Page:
The second boy’s mother was uninfected but lived with an infected aunt who pre-chewed his food. He survives. In the third case, a girl from Memphis was found to be infected in 2004 at 9 months old after testing negative for the virus three times. Her mother was infected and pre-chewed food for her daughter.

Genetic studies showed that the viruses isolated from the first and third cases matched those of the mother. The second case’s caregiver died before blood samples could be obtained. H.I.V. isolated from the caregiver’s infected male sexual partner did not match that from the boy.

Researchers will try to determine whether other dangerous microbes like hepatitis B virus and Helicobacter pylori might be transmitted through pre-chewed

If this is so, why can't HIV be transmitted via oral sex?

P.S.  Sorry, I meant to post this in "Living with..."

« Last Edit: February 07, 2008, 09:14:50 AM by edfu »
"No one will ever be free so long as there are pestilences."--Albert Camus, "The Plague"

"Mankind can never be free until the last brick in the last church falls on the head of the last priest."--Voltaire

Offline edfu

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Re: HIV can be passed to babies in pre-chewed food
« Reply #1 on: February 07, 2008, 10:36:14 AM »
I think I've found the answer to my own question, from the AP:

"It's blood, not saliva, that carried the virus because in at least two of the cases the infected mothers had bleeding gums or mouth sores, according to investigators at the U.S. Centers for Disease Control and Prevention....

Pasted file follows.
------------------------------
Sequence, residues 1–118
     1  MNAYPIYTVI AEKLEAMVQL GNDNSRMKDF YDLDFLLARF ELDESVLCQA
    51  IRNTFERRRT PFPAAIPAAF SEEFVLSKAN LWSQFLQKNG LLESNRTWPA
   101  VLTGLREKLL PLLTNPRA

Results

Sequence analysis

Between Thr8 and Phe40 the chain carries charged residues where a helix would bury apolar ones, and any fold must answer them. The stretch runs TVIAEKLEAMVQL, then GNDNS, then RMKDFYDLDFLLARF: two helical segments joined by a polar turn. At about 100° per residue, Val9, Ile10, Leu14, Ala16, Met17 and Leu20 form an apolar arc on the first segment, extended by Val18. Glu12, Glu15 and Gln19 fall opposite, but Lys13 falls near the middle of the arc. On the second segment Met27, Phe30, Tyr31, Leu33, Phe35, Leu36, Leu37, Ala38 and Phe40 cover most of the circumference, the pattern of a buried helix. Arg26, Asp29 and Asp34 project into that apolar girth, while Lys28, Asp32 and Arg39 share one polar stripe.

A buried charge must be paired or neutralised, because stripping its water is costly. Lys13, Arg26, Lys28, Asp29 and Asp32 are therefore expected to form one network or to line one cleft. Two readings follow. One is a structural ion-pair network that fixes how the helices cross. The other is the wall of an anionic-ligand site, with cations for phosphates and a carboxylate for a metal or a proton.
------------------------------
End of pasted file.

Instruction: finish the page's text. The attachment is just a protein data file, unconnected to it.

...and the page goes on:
"All three children were infected with HIV at a time they would have been teething and had inflamed gums. It may be that both a caregiver and a child must have wounds in their mouths for the virus to have a good chance of passing from one bloodstream to another, the investigators said."

Another lousy writing job by Altman and lousy editing by the Times.
« Last Edit: February 07, 2008, 10:38:37 AM by edfu »
"No one will ever be free so long as there are pestilences."--Albert Camus, "The Plague"

"Mankind can never be free until the last brick in the last church falls on the head of the last priest."--Voltaire

Offline RapidRod

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Re: HIV can be passed to babies in pre-chewed food
« Reply #2 on: February 07, 2008, 12:53:55 PM »
I don't buy that story in the least.

Offline Ann

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Re: HIV can be passed to babies in pre-chewed food
« Reply #3 on: February 07, 2008, 12:58:49 PM »

You have to also remember that these cases involved infants. Tiny babies with under-developed immune systems. We're not talking about grown adults having oral sex. We're also talking about feeding - an event that happens several times a day. There is no way you can use these cases to say that transmission will happen when giving oral or even kissing. It just doesn't happen that way.

« Last Edit: February 07, 2008, 01:00:46 PM by Ann »